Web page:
INSTRUCTIONS TO RAILWAY TRAVELLERS
To nearly all the Railways in Great Britain.
Proceed at once to the booking-office and procure a ticket for the class carriage you intend to travel by, and if near the time of starting, enter the departure shed.
Have your name legibly written on your luggage, and see it stowed away, and then take your seat in a carriage, carrying with you carpet bags or other light luggage, and wait till the starting bell rings.
Take care of your ticket to deliver at your journey's end, or to the attendant at starting, as the case may be.
The weight generally allowed to each passenger for luggage is about 100 lbs. and a charge is made for excess.
No smoking is allowed at the stations, nor in any of the carriages.
No dogs allowed to be taken inside the carriages, but they are conveyed in a proper vehicle at a small charge for each.
Do not leave your seat at any station, except the one at which refreshment is allowed, nor attempt to open the carriage doors yourself.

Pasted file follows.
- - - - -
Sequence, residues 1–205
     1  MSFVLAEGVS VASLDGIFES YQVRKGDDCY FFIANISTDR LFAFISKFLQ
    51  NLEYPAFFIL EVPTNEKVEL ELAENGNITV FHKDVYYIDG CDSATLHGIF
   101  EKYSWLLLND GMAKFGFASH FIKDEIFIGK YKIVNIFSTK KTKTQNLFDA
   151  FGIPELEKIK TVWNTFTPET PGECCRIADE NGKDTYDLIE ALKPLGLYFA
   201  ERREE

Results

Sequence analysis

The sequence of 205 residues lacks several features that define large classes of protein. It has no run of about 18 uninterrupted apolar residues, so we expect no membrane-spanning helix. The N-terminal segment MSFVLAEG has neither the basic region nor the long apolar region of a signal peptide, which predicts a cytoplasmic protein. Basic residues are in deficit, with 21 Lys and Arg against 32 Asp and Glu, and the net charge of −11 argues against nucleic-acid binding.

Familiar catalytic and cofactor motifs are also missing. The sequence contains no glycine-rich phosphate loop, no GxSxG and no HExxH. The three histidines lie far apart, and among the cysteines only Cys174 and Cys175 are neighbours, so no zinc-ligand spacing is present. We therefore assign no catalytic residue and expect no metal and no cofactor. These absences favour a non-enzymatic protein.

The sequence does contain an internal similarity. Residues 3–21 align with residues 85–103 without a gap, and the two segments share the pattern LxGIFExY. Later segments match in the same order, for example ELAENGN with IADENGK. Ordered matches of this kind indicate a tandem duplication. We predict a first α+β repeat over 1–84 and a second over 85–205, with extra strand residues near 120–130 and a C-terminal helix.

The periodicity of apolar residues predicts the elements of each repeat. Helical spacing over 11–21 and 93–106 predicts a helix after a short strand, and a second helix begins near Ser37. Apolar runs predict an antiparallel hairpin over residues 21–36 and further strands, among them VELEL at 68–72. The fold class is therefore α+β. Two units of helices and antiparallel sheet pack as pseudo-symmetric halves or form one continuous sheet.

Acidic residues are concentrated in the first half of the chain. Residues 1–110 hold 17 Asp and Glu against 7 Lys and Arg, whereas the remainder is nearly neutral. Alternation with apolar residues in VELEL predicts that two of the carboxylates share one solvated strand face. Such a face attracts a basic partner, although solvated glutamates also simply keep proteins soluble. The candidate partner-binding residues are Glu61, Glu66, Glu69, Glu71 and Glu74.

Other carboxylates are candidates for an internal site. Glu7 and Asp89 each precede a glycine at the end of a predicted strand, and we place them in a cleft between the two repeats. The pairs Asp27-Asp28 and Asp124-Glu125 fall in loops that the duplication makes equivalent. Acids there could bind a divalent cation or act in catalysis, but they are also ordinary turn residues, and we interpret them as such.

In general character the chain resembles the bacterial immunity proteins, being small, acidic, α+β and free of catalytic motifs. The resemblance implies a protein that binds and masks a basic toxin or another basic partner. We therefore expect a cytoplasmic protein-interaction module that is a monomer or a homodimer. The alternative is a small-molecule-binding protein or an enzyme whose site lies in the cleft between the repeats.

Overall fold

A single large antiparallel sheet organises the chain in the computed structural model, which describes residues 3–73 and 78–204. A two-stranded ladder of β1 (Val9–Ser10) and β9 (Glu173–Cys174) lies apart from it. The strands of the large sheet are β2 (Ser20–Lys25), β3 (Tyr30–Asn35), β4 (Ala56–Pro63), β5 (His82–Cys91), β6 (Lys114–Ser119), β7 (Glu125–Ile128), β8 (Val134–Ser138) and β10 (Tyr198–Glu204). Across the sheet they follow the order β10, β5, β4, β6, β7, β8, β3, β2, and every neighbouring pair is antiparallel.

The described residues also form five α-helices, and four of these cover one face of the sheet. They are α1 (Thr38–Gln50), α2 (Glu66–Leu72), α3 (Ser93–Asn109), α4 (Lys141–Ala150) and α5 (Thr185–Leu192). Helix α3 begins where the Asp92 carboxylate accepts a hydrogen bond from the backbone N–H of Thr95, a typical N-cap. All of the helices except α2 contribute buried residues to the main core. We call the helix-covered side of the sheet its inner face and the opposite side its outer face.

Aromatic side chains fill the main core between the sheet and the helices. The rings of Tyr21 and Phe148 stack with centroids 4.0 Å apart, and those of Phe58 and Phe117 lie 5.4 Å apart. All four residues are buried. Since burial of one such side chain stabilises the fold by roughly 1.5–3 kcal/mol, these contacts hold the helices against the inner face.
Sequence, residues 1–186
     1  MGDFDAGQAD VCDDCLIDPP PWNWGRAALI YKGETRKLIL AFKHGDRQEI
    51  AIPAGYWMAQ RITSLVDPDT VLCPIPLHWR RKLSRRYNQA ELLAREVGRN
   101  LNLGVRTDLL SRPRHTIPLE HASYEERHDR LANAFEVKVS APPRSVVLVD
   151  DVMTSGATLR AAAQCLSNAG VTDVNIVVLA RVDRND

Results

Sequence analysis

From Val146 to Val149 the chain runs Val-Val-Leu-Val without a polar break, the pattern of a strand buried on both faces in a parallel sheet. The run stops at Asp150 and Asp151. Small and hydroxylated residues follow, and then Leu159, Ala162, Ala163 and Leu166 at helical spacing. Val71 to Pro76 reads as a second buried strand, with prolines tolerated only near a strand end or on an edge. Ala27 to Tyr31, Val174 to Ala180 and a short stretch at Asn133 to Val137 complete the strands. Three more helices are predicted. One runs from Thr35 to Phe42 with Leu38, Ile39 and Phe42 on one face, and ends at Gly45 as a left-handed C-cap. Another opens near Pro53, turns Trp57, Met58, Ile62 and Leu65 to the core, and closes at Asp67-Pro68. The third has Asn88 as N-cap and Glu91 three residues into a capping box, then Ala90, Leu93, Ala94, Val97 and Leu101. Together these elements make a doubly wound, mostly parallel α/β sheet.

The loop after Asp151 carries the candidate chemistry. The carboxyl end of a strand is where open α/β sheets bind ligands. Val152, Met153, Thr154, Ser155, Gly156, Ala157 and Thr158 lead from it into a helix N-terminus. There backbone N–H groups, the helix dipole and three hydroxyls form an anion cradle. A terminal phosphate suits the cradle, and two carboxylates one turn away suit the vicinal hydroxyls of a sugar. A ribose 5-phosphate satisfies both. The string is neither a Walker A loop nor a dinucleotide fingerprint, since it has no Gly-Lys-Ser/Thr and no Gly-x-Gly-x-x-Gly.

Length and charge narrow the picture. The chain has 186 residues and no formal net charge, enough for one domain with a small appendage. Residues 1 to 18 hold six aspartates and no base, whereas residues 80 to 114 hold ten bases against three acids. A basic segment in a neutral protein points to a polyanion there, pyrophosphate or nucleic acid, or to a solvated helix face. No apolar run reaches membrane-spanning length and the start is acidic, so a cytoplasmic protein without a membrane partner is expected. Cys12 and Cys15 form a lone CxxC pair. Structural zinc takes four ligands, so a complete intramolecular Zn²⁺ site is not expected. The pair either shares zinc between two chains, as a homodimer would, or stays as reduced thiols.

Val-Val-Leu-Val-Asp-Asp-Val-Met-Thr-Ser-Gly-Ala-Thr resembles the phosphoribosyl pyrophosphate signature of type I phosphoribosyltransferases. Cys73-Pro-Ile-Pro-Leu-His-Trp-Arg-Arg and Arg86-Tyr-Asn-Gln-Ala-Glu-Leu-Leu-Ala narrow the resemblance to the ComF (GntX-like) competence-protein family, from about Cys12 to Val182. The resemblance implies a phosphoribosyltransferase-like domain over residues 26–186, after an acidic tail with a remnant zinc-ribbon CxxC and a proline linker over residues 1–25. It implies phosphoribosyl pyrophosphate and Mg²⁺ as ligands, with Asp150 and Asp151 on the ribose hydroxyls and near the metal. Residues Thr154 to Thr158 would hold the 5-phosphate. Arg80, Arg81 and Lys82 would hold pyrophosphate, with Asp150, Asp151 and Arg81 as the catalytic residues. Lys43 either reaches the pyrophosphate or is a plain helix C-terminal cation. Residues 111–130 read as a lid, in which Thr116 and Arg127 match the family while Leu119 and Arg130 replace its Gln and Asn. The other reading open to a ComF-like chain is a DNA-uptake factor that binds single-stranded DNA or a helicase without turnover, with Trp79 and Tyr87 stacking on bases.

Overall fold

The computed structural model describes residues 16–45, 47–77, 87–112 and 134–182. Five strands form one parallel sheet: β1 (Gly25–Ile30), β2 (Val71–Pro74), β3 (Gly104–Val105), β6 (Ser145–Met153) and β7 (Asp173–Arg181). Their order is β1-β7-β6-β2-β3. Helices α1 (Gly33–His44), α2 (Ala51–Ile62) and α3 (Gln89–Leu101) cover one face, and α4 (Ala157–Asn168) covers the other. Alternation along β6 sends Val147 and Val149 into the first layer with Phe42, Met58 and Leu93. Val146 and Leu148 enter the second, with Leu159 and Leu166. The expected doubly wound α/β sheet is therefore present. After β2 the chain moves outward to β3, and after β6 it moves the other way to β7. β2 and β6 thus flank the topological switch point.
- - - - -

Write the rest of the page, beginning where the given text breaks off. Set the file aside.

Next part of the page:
Females are in attendance at each terminus, and at the central refreshment station, to wait upon ladies and children.
Carriages and horses should be at the stations at least a quarter of an hour before the time of starting.
Post horses can always be obtained at each terminus and most of the stations.
Omnibuses, flys, coaches and cabs are always waiting the arrival of the trains at each terminus.
Children under ten years of age half-price, infants in arms, unable to walk, free of charge.
Every train is provided with guards and a conductor, who is responsible for the order and regularity of the journey.
Every guard, porter or policeman employed by the company has a distinguishing number on the collar of his coat.
The companies' servants are strictly enjoined, on pain of dismissal, to observe the utmost civility and attention towards all the passengers, nor are they to receive any fee or gratuity.
From: Henry Tuck, Every Traveller's Guide to the Railways of England, Scotland, Ireland, Belgium, France, and Germany, 1843